Communication ethics and the internet: intercultural and localising influencers


  • Robert Beckett



In the information-technology powered twenty first century a general demand for more effective communication is driving people to question the present, examine the past and to prognosticate the future. The ‘unique global media-information system’ - the Internet- is the central fact of a vast new complexity of communication (mediated and unmediated) that is driving social-economic-political-religious- technological change (see at a rate never experienced before. The premise of this paper is that the Internet can be better understood as the first complex global media with both democratic and authoritarian possibilities, the full extent of which are still emergent. In respect of the symposium question, this paper suggests that Internet embedded communication theory can be used progressively as part of a widening and deepening approach to intercultural conversation, dialogue and debate. In theory, the localising nature of the Internet can be read as part of a greater movement towards communitarian and community centred self-governance, local democracy and social self-sufficiency. There is considerable scope for a new theory of society founded in localised ‘in-community communication’ practice supported by international human rights and effectively responsive to the asymmetric global information environment and congruent with newly democratised local structures of self-governance.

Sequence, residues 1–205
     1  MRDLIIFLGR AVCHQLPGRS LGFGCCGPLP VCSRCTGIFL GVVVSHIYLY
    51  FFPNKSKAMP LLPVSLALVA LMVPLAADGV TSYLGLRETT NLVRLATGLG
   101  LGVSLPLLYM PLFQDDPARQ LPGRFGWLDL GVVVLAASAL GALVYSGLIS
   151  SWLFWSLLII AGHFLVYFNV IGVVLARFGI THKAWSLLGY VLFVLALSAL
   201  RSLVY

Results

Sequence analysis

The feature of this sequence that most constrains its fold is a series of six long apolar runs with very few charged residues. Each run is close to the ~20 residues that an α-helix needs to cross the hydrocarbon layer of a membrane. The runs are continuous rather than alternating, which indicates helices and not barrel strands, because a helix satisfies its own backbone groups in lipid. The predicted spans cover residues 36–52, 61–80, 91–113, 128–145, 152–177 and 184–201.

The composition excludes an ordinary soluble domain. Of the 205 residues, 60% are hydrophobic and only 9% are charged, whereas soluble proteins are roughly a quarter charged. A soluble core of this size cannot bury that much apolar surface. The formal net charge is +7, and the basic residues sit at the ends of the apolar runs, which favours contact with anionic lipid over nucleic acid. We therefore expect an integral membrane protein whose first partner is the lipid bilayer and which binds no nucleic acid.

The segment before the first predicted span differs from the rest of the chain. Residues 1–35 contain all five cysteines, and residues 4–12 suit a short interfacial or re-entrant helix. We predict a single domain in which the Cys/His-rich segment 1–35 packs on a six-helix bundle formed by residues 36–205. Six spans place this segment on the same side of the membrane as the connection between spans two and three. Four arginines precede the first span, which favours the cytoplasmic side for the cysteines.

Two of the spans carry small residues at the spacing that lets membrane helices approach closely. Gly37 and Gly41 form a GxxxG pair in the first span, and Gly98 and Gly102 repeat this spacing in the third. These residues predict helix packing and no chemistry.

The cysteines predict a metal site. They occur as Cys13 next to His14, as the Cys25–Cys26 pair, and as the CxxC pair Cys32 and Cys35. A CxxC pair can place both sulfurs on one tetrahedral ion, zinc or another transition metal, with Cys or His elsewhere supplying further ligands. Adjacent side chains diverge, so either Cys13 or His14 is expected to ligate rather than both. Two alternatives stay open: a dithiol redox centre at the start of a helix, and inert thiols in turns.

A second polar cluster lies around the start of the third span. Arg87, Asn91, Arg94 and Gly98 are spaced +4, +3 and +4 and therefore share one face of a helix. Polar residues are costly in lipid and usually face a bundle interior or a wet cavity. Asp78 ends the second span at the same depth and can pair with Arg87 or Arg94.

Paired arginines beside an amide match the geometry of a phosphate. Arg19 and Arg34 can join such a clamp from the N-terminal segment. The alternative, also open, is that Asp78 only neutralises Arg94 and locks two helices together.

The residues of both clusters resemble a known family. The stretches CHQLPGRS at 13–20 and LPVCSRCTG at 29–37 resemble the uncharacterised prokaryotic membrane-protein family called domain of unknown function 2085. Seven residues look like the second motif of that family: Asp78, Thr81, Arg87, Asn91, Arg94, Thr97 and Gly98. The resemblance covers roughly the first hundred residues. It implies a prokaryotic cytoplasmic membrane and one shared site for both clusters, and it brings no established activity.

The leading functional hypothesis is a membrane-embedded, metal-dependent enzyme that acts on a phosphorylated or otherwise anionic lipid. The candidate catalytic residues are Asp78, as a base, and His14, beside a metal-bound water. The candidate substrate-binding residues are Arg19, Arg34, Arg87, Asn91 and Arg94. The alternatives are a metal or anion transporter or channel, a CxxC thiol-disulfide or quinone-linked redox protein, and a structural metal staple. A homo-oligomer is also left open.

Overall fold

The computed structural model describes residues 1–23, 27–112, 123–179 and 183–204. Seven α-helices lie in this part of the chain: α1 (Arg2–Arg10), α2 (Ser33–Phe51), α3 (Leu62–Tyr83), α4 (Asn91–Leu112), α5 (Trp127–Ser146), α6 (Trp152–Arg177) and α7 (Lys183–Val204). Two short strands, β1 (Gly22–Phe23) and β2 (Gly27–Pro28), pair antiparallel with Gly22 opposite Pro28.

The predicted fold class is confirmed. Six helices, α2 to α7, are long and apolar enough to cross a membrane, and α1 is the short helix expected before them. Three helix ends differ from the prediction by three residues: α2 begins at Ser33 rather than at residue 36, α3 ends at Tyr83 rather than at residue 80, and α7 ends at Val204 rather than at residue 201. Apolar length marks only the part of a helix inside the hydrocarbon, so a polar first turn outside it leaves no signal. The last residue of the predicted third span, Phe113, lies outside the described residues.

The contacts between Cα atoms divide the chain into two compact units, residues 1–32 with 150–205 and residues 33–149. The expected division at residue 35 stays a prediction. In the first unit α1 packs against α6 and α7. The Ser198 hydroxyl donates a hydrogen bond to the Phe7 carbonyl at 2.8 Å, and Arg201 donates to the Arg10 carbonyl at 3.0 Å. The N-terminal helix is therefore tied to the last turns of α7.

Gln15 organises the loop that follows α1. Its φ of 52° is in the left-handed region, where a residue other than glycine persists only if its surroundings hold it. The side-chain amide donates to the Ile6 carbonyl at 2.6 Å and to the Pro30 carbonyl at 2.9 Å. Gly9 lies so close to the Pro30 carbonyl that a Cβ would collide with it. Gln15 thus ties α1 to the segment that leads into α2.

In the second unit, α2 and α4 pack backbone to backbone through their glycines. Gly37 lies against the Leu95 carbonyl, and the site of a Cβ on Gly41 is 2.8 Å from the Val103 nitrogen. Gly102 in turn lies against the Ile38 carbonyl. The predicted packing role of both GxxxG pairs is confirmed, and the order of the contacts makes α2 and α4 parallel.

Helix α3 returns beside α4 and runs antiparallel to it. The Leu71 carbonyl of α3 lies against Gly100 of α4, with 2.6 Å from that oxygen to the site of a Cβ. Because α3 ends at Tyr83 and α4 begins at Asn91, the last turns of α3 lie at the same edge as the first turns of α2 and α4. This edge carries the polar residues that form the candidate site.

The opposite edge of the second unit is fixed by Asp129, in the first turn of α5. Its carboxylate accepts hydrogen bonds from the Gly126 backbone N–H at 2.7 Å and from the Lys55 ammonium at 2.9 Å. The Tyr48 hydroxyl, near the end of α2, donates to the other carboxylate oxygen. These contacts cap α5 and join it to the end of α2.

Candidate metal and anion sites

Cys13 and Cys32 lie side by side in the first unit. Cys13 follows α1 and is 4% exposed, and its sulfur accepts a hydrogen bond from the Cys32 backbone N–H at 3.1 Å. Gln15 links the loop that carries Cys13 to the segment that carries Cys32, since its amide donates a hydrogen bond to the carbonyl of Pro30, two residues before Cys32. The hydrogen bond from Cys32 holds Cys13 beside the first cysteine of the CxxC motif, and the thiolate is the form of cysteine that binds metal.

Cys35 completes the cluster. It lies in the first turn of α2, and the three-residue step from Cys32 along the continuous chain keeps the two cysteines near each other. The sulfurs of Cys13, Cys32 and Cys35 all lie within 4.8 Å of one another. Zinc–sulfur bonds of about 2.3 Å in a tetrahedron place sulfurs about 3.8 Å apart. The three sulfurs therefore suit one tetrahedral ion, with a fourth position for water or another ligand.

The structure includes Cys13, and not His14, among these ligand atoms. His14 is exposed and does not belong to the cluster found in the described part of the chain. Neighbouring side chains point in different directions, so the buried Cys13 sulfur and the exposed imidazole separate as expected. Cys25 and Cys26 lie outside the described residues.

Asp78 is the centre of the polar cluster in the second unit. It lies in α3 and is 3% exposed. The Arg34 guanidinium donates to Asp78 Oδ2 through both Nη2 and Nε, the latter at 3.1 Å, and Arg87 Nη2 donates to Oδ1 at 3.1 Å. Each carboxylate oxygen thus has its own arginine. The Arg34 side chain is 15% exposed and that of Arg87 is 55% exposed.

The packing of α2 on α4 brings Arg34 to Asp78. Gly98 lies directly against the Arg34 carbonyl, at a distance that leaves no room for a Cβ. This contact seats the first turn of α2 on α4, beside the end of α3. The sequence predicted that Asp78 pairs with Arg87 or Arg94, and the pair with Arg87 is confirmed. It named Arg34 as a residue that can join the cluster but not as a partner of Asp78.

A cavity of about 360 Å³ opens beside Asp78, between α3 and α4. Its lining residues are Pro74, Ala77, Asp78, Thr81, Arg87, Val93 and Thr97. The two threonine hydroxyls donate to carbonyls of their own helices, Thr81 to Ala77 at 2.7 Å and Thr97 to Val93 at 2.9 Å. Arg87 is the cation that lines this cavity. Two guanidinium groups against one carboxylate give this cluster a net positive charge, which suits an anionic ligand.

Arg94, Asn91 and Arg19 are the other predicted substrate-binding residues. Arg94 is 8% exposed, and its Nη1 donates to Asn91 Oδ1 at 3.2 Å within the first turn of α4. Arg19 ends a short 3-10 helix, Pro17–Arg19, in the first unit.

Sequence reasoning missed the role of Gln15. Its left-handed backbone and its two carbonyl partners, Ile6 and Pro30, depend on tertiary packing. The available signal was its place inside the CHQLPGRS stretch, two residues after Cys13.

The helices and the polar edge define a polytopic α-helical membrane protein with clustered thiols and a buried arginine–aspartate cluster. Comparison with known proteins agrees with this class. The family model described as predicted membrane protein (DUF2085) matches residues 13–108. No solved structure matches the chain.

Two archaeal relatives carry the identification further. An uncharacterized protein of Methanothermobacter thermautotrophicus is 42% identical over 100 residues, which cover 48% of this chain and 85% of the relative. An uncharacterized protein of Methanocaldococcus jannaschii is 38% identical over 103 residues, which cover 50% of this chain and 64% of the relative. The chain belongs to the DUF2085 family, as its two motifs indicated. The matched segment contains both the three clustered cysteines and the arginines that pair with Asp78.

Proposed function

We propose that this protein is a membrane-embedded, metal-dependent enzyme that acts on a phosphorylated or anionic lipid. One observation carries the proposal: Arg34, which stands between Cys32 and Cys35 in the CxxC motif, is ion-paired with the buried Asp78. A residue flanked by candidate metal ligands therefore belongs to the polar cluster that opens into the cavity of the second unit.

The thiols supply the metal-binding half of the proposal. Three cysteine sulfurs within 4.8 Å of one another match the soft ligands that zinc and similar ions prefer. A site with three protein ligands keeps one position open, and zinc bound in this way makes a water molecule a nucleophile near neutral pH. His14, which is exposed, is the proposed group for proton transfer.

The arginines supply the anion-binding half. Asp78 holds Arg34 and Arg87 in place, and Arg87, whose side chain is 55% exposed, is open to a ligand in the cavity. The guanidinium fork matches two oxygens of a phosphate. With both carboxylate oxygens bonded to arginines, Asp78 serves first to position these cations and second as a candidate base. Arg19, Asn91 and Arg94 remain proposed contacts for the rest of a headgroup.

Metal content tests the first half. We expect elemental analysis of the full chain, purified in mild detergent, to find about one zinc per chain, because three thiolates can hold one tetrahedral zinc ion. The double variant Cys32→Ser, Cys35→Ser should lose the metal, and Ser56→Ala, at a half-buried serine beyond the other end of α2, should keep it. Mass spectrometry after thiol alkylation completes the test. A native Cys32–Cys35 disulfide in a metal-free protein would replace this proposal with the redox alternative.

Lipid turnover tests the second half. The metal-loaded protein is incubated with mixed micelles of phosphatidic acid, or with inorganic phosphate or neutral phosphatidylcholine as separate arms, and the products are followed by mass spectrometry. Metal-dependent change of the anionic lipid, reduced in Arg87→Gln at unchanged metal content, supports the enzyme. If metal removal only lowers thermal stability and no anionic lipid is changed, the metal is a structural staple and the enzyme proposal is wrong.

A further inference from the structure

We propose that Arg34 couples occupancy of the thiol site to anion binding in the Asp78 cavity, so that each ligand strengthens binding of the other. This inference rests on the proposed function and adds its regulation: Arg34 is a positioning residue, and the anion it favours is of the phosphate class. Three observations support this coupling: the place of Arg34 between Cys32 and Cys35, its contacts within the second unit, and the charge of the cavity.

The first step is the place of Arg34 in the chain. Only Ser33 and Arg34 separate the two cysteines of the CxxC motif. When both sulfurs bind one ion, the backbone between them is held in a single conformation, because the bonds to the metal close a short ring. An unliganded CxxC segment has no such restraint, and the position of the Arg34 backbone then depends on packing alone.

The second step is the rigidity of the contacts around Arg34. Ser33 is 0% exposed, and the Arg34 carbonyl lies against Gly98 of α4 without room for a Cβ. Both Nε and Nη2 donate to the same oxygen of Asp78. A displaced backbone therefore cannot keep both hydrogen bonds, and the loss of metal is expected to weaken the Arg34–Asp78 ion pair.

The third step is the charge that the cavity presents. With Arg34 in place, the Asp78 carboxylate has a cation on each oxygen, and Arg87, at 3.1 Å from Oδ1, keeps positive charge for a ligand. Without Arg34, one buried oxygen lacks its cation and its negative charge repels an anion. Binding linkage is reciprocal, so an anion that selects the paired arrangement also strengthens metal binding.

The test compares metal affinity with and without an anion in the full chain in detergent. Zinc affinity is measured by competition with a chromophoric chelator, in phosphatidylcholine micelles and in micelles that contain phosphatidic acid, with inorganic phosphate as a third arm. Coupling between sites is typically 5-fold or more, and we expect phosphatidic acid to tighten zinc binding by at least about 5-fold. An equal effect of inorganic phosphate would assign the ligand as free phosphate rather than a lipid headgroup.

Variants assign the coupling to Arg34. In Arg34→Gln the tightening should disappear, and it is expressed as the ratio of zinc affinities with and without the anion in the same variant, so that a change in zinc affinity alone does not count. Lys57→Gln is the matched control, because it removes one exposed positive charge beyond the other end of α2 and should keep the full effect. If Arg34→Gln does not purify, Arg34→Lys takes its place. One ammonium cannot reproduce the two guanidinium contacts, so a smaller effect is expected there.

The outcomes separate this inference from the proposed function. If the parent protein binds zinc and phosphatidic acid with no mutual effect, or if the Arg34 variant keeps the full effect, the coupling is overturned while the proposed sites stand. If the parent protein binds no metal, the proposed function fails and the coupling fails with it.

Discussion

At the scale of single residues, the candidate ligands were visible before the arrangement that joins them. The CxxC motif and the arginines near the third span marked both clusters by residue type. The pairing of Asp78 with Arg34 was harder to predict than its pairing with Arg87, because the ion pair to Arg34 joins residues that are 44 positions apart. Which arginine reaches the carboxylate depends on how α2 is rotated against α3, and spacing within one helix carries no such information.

How to Cite

Beckett, Robert. 2004. “Communication Ethics and the Internet: Intercultural and Localising”. The International Review of Information Ethics 2 (November). Edmonton, Canada.